Popular Sno-Parks Near Bend and Avalanche Danger

COAC cautions skiers and snowshoers alike to not mistake accessibility with stability. When asked what slopes to keep in mind in the Central Oregon area, they said that even the roadside, easy-access slopes out of Vista Butte Sno-Park can be steep enough to present some safety concerns. The frequented slopes of Tam McArthur Rim (out of Three Creek Sno-Park) are indeed “friendly” for backcountry turns, but also fall within the degree-angle “danger zone” for avalanches. And, seemingly benign and beautiful Paulina Peak near LaPine actually sees the most fatalities in the area. 

Slope Danger-Zone In addition to terrain features like gullies or cornices, the best basic backcountry rule of thumb one can use to evaluate terrain is the degree angle of the slope:


And, of course, in addition to avalanche awareness, always practice emergency preparedness before heading out the door. This is a great handy list provided by the Washington Trails Association:

The Ten Essentials include a topographic map and compass, hydration, extra food, extra clothing, a fire starter, a first-aid kit, a pocket knife, a flashlight, sun protection and an emergency shelter. In the context of winter hiking and snowshoeing, this means:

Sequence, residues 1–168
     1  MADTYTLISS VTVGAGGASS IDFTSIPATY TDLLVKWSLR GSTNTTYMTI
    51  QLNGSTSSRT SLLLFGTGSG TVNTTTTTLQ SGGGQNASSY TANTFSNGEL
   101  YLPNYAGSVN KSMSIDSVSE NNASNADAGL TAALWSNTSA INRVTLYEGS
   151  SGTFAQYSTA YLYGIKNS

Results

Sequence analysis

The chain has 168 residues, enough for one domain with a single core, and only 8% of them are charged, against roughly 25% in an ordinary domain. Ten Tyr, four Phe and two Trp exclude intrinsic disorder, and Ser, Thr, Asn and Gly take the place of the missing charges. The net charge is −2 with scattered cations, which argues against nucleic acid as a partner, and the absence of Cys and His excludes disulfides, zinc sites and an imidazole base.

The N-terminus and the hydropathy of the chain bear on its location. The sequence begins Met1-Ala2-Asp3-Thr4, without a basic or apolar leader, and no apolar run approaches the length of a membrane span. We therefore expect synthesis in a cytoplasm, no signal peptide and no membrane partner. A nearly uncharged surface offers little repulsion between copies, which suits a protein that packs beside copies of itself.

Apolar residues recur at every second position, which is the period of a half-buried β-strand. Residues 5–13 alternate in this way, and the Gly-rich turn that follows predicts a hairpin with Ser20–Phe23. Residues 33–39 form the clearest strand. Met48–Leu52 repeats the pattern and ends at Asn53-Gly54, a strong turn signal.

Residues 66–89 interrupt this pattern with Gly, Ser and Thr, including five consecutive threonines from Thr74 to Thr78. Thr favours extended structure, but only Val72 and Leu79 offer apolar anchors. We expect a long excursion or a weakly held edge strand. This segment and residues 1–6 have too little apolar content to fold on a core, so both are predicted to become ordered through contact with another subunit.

Adequate extra clothing. Bring plenty of layers made of materials such as wool or polypropylene that wick sweat and moisture away from your body (to prevent hypothermia).

Headlamp or flashlight (and extra batteries). Because days are short and night comes quickly.

Plenty of extra food. Snowshoeing is strenuous exercise and you burn a lot of calories, so bring along plenty of extra food to keep your energy level high.

Plenty of water. Keep hydrated by drinking often.

Emergency shelter and/or sleeping bag. Seriously consider carrying these in case you have to hunker down for a long period of time.

Portable shovel. A critically important winter survival tool, a shovel will assist you in digging snow caves in which you can survive a cold night. And it’s nearly impossible to dig someone out of an avalanche without one.

Avalanche beacon and probe. The safest thing to do is to avoid avalanche country. However, if you choose to recreate in these risky areas, consider carrying an avalanche beacon and know how to use it properly. The effectiveness of these tools is only as good as your ability to use them. Practice, and consider taking a class with one of our local organizations (see below)!

Don’t let danger awareness keep you from exploring! Slides happen, but if you practice basic snow and trip safety guidelines, you can enjoy many dreamy mountain days, drama-free.


Central Oregon Nordic Club Classes: Brush up your backcountry know-how and attend Central Oregon Nordic Club’s upcoming avalanche awareness for nordic skiers event on February 15th. (A COVID-safe Zoom presentation. 

Central Oregon Avalanche Center offers regular “Know Before You Go” classes. Find a class happening HERE. COAC is also in the process of ramping up their services and offering to include daily forecasting in addition to educational opportunities, so be sure to support this important organization! 

Stay safe and have fun!